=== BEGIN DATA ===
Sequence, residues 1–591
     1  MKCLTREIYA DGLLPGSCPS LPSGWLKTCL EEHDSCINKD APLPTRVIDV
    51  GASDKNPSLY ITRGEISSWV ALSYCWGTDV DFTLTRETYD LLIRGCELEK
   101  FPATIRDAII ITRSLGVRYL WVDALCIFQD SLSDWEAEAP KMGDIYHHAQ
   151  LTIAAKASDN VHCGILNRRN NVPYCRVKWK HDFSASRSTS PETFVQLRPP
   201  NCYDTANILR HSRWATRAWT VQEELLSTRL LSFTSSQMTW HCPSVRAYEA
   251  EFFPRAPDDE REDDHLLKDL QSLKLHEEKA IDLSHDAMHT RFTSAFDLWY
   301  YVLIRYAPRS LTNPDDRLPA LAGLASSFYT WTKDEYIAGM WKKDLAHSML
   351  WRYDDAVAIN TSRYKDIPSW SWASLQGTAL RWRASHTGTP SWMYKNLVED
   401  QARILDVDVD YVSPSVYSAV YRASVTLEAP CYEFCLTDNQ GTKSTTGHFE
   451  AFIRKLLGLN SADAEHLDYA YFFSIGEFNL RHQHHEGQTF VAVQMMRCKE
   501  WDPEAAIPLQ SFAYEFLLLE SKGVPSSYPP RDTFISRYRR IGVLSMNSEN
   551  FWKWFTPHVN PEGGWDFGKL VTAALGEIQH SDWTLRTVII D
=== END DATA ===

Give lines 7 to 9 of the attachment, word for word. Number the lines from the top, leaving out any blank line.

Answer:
   251  EFFPRAPDDE REDDHLLKDL QSLKLHEEKA IDLSHDAMHT RFTSAFDLWY
   301  YVLIRYAPRS LTNPDDRLPA LAGLASSFYT WTKDEYIAGM WKKDLAHSML
   351  WRYDDAVAIN TSRYKDIPSW SWASLQGTAL RWRASHTGTP SWMYKNLVED